'In the kitchen, the folks have always been black'


Gene Allen poured drinks for US presidents for 35 years, watching from close up as blacks moved closer to the centre of power, writes Wil Haygoodin Washington

FOR MORE than three decades Eugene Allen worked in the White House, a black man unknown to the headlines. During some of those years, harsh segregation laws lay upon the land.

He trekked home every night, his wife Helene keeping him out of her kitchen.

At the White House, he worked closer to the dirty dishes than the large desk in the Oval Office. Helene didn't care; she just beamed with pride.

President Truman called him Gene.

President Ford liked to talk golf with him.

He saw eight presidential administrations come and go, often working six days a week. "I never missed a day of work," Allen says.

He was there while America's racial history was being remade: the Brown v Board of Education desegregation case, the 1963 March on Washington, the cities burning, the civil rights Bills, the assassinations.

When he started at the White House in 1952, he couldn't even use the public toilets when he ventured back to his native Virginia. "We had never had anything," Allen (89) recalls of black America at the time. "I was always hoping things would get better."

In its long history, the White House - just note the name - has had a complex and vexing relationship with black Americans.

"The history is not so uneven at the lower level, in the kitchen," says Ted Sorensen, who served as counsellor to President Kennedy. "In the kitchen, the folks have always been black. Even the folks at the door - black."

Sorensen tried to address the matter of blacks in the White House. But in the end, there was only one black man who stayed on the executive staff at the Kennedy White House past the first year. "There just weren't as many blacks as there should have been," says Sorensen. "Sensitivities weren't what they should have been, or could have been."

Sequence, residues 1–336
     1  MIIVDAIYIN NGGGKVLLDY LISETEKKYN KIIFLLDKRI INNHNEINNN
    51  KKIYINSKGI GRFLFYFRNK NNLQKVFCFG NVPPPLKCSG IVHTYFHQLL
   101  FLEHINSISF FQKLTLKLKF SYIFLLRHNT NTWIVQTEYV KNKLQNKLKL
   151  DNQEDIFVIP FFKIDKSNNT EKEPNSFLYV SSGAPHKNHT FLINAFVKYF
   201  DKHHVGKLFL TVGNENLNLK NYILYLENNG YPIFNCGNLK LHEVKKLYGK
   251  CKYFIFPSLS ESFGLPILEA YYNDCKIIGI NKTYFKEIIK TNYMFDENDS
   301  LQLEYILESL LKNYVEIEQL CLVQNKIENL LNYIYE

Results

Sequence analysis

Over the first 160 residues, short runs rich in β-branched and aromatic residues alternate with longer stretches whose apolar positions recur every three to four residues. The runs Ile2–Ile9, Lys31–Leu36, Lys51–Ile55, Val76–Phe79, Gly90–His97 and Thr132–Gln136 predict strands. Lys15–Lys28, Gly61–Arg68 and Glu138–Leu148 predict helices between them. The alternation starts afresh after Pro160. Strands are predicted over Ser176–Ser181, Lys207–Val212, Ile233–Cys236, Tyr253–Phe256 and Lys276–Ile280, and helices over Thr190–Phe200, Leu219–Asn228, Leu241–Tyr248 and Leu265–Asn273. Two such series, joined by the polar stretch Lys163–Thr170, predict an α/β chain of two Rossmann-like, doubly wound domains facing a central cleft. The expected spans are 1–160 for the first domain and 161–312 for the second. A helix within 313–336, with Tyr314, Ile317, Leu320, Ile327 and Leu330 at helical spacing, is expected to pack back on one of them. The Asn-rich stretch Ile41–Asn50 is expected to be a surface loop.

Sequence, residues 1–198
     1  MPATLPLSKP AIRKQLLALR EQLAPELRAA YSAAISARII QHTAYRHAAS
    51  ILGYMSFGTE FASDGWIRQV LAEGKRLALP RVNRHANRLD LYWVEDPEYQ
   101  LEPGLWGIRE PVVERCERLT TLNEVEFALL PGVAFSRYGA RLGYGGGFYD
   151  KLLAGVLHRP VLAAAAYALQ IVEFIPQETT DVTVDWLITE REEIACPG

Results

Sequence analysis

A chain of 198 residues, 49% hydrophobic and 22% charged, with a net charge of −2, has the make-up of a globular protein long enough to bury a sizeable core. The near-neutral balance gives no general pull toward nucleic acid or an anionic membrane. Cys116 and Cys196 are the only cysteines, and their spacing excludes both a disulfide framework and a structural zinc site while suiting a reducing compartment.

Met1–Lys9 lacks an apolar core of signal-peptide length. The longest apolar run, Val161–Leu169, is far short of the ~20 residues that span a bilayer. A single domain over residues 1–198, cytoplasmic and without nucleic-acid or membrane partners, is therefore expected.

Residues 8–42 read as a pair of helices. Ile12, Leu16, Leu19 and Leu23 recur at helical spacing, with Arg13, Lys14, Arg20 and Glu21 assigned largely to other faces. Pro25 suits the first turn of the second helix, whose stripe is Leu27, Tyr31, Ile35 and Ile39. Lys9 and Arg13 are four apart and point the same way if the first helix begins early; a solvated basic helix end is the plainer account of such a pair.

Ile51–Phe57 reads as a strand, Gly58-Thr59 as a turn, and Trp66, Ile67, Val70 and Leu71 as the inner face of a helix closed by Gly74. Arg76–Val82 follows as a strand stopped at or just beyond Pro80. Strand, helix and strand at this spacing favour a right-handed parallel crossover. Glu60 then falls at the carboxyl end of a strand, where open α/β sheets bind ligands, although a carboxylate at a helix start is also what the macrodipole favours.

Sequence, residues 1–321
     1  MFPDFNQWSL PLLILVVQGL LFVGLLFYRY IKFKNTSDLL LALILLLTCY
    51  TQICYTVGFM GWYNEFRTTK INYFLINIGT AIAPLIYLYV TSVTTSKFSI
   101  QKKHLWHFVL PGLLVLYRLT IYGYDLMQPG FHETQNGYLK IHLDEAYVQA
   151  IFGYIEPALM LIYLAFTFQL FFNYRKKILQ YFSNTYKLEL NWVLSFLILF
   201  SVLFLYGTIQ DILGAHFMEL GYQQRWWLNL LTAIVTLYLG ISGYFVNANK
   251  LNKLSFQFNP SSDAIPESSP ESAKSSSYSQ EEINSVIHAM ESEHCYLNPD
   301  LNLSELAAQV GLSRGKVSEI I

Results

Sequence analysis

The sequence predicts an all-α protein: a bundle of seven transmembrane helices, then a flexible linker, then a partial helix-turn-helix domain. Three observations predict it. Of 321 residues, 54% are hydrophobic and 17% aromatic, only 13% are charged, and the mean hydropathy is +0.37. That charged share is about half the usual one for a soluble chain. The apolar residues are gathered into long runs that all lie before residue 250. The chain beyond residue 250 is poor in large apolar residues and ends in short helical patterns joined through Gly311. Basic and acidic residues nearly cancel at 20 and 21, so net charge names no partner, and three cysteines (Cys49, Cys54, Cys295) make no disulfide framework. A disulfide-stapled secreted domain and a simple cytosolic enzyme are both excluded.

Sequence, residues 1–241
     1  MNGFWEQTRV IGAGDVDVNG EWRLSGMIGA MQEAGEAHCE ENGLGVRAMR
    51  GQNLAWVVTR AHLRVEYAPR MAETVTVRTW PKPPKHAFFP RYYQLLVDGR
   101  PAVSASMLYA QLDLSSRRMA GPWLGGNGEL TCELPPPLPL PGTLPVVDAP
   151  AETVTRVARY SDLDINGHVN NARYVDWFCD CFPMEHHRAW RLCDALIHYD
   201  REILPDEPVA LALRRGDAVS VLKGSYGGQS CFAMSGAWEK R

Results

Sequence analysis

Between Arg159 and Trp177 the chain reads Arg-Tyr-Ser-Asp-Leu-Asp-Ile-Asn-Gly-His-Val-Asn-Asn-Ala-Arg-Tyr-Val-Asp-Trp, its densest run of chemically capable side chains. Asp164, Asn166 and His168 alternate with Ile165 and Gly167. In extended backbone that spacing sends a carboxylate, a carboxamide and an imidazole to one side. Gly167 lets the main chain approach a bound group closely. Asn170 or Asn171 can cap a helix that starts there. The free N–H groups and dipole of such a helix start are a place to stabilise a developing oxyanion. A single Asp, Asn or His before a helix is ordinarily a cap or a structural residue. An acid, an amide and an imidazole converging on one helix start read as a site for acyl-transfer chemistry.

Before he landed his job at the White House, Gene Allen worked as a waiter at a country club in Washington.

He and wife Helene (86), are sitting in the living room of their Washington home. A cane rests across her lap. Her voice is musical, in a Lena Horne kind of way. She calls him "honey".

They met in Washington at a birthday party in 1942. He was too shy to ask for her number, so she tracked his down. They married a year later.

In 1952, a lady told him of a job opening in the White House. "I wasn't even looking for a job," he says. "I was happy where I was working, but she told me to go on over there and meet with a guy by the name of Alonzo Fields." Fields was a maitre d', and he immediately liked Allen.

Allen was offered a job as a "pantry man." He washed dishes, stocked cabinets and shined silverware for $2,400 a year.

There was, in time, a promotion to butler. "Shook the hand of all the presidents I ever worked for," he says.

"I was there, honey," Helene reminds him. "In the back maybe. But I shook their hands, too." She's referring to White House holiday parties, Easter Egg hunts.

"President Ford's birthday and my birthday were on the same day," he says. "He'd have a birthday party at the White House. Everybody would be there. And Mrs Ford would say, 'It's Gene's birthday, too'!" And so they'd sing a little ditty to the butler. And the butler, who wore a tuxedo to work every day, would blush.